Wednesday, September 29, 2021

The Samosa Rebellion

Sekaran, Shanthi. The Samosa Rebellion.
September 21st 2021 by Katherine Tegen Books
E ARC provided by Netgalley

Muki Krishnan lives on the (fictional) Mariposa Island with his parents, who immigrated there from India before Muki was born so his mother could take a job in a research laboratory. Since his grandmother, Paati, misses the family so much, she moves to Mariposa as well, so that she can watch Muki when his mother is busy and his father is working long hours at the takeaway shop he runs. Muki has a scholarship to the prestigious Marble Hill Preparatory Academy, which is a one hour subway ride away from where he lives in Oceanview. There is only one other Indian student in his class, Raju. While their mothers are friends, Muki would rather hang out with his friend in the neighborhoo, Fabi, and is not sad that he is paired with Tinley Schaedler for a project. Unfortunately, her father is a general supporting the president, Birch Bamberger, who has decided that "Mariposa should be for Mariposans". Immigrant families like Muki's, no matter how long they have lived in the country, are considered "Moths", whereas the original families (who came from other places) are "Butterflies", and feel that even though the country is wealthy, "Moths" are taking resources away from the people who really deserve them. Muki and his friends even find a camp that is set up to hold detainees from different countries, which is exactly what it turns out Bamberger wishes to do. When this hits the news, resistance groups start to form, and Muki's family is very interested in this, especially when Paati is taken and detained in a camp. Muki is not supposed to have anything to do with Tinley, but the two have become friends while working on their project and keep seeing each other, especially since they find out about others in Tinley's household who don't support the initiative to remove people. When Bamberger starts to round up people, will Muki and his family and friends be able to help stop him?
Strengths: Muki's experiences as a second generation Mariposan mirror those of many people in the US. The family moves so that the mother can get a good job, but the father's credentials don't follow him, so he has to find other employment. They live in a neighborhood that is primarily other immigrant families. Muki gets a scholarship, but doesn't feel entirely comfortable in his fancy school where there are few people who share his background. The government's attempts to round up people are aided by tiny spy cams called "dragonflies", which make this almost futuristic and dystopian. The government forces are called Crickets because of their uniforms, and the end up being not quite as evil as one would suppose. The revolution unfolded in a rather simple and bloodless way, but this makes it more accessible to younger readers who might want to know about revolutions but aren't quite ready for the devastation of some real ones.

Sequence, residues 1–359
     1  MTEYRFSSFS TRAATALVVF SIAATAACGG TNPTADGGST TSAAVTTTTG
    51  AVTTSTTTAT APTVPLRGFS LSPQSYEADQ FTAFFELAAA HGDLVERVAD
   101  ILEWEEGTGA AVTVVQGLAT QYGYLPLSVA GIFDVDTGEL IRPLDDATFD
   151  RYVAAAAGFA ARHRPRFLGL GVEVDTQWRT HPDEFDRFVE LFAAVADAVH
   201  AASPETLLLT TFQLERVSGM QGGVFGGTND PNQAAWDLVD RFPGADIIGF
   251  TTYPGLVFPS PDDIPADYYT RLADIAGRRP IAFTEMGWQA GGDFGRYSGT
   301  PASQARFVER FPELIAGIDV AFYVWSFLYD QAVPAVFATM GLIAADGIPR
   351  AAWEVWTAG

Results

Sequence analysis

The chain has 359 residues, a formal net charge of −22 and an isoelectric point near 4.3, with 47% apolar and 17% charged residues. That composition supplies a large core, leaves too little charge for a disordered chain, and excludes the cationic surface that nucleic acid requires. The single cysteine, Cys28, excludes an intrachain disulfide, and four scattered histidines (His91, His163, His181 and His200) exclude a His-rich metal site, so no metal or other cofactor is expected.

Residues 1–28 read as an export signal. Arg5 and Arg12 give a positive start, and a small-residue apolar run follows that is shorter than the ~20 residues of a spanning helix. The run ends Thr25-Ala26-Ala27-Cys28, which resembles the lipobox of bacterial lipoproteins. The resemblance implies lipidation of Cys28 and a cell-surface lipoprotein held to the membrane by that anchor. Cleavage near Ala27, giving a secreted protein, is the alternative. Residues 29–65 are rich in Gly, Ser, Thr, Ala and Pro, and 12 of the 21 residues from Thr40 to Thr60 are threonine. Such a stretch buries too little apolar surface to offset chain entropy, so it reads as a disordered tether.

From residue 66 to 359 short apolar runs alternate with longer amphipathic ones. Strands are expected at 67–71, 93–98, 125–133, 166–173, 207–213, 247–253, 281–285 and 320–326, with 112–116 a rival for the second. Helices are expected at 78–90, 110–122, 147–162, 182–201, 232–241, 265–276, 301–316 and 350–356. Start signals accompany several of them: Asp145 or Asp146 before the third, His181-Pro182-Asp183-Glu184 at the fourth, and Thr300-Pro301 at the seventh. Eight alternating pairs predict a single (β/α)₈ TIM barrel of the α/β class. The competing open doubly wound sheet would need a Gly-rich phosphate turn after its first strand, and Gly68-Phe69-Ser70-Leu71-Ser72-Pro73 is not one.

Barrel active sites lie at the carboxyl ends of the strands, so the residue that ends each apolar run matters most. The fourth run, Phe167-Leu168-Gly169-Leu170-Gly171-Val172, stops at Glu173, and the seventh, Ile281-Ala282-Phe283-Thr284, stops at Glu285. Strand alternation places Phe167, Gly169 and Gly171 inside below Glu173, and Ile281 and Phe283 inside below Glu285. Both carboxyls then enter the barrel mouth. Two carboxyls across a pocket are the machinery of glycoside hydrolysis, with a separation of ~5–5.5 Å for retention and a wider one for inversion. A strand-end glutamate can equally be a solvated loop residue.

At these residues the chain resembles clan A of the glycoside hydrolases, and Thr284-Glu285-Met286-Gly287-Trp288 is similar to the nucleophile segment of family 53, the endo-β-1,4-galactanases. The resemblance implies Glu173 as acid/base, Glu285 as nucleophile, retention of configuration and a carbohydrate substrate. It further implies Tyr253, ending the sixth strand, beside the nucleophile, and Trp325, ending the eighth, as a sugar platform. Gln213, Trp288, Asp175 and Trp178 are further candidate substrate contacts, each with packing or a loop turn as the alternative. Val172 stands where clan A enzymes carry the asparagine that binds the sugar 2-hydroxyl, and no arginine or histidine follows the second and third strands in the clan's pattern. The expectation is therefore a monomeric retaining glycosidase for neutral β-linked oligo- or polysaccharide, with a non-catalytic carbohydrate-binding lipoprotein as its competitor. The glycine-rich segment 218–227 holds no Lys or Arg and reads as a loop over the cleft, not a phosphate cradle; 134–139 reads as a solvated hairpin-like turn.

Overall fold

Weaknesses: I kept wondering if Mariposa was a real place, and if this was historical fiction because the descriptions were so vivid. 
What I really think: This was a bit more like The Mouse That Roared (although not as satyrical) or Medoza's Sanctuary than Athaide's Orange for the Sunsets. I wish there had been a definite statement that Mariposa was entirely fictional. This reminded me a bit of Agosin's I Lived on Butterfly Hill where the story is set in Chile of the 1960s, but the names of political leaders are changed. 

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